Wednesday, August 18, 2010

ray kurzweil does not understand the brain

Pharyngula | There he goes again, making up nonsense and making ridiculous claims that have no relationship to reality. Ray Kurzweil must be able to spin out a good line of bafflegab, because he seems to have the tech media convinced that he's a genius, when he's actually just another Deepak Chopra for the computer science cognoscenti.

His latest claim is that we'll be able to reverse engineer the human brain within a decade. By reverse engineer, he means that we'll be able to write software that simulates all the functions of the human brain. He's not just speculating optimistically, though: he's building his case on such awfully bad logic that I'm surprised anyone still pays attention to that kook.

Sejnowski says he agrees with Kurzweil's assessment that about a million lines of code may be enough to simulate the human brain.

Here's how that math works, Kurzweil explains:
The design of the brain is in the genome. The human genome has three billion base pairs or six billion bits, which is about 800 million bytes before compression, he says. Eliminating redundancies and applying loss-less compression, that information can be compressed into about 50 million bytes, according to Kurzweil.

About half of that is the brain, which comes down to 25 million bytes, or a million lines of code.
I'm very disappointed in Terence Sejnowski for going along with that nonsense.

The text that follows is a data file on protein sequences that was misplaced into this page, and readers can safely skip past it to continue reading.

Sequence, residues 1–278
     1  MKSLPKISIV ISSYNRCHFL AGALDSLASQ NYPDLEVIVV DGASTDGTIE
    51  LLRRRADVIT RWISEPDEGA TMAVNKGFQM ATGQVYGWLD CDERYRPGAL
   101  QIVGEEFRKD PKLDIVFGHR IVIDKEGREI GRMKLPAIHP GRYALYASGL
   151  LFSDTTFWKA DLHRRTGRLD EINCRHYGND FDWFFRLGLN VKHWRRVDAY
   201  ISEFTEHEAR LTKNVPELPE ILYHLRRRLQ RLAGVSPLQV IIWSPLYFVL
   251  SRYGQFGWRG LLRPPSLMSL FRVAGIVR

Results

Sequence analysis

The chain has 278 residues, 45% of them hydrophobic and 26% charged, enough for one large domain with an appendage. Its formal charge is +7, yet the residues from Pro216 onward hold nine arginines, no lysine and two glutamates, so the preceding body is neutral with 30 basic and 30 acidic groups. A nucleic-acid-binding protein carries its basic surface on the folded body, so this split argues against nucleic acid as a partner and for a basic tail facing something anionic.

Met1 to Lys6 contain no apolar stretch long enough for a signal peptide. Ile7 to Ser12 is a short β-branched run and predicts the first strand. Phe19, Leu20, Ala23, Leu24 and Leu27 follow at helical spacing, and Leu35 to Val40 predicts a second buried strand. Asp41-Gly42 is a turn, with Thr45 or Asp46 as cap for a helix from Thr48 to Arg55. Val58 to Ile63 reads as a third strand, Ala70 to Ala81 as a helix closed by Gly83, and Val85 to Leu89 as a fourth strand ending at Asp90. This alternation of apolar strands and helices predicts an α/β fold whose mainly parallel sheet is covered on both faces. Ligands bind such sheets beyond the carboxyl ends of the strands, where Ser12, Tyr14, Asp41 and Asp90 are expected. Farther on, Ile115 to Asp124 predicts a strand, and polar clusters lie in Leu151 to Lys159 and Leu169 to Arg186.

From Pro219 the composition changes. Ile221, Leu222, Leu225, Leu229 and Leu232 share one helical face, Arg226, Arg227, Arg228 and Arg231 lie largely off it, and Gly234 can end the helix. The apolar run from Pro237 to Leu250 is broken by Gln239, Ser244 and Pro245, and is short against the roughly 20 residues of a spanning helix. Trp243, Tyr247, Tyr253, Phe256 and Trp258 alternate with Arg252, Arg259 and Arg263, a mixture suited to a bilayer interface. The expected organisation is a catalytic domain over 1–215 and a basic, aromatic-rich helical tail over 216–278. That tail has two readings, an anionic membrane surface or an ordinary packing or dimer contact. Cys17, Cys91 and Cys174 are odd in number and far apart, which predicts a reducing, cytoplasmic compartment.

See that sentence I put in red up there? That's his fundamental premise, and it is utterly false. Kurzweil knows nothing about how the brain works. It's design is not encoded in the genome: what's in the genome is a collection of molecular tools wrapped up in bits of conditional logic, the regulatory part of the genome, that makes cells responsive to interactions with a complex environment. The brain unfolds during development, by means of essential cell:cell interactions, of which we understand only a tiny fraction. The end result is a brain that is much, much more than simply the sum of the nucleotides that encode a few thousand proteins. He has to simulate all of development from his codebase in order to generate a brain simulator, and he isn't even aware of the magnitude of that problem.

We cannot derive the brain from the protein sequences underlying it; the sequences are insufficient, as well, because the nature of their expression is dependent on the environment and the history of a few hundred billion cells, each plugging along interdependently. We haven't even solved the sequence-to-protein-folding problem, which is an essential first step to executing Kurzweil's clueless algorithm. And we have absolutely no way to calculate in principle all the possible interactions and functions of a single protein with the tens of thousands of other proteins in the cell! Fist tap Dale.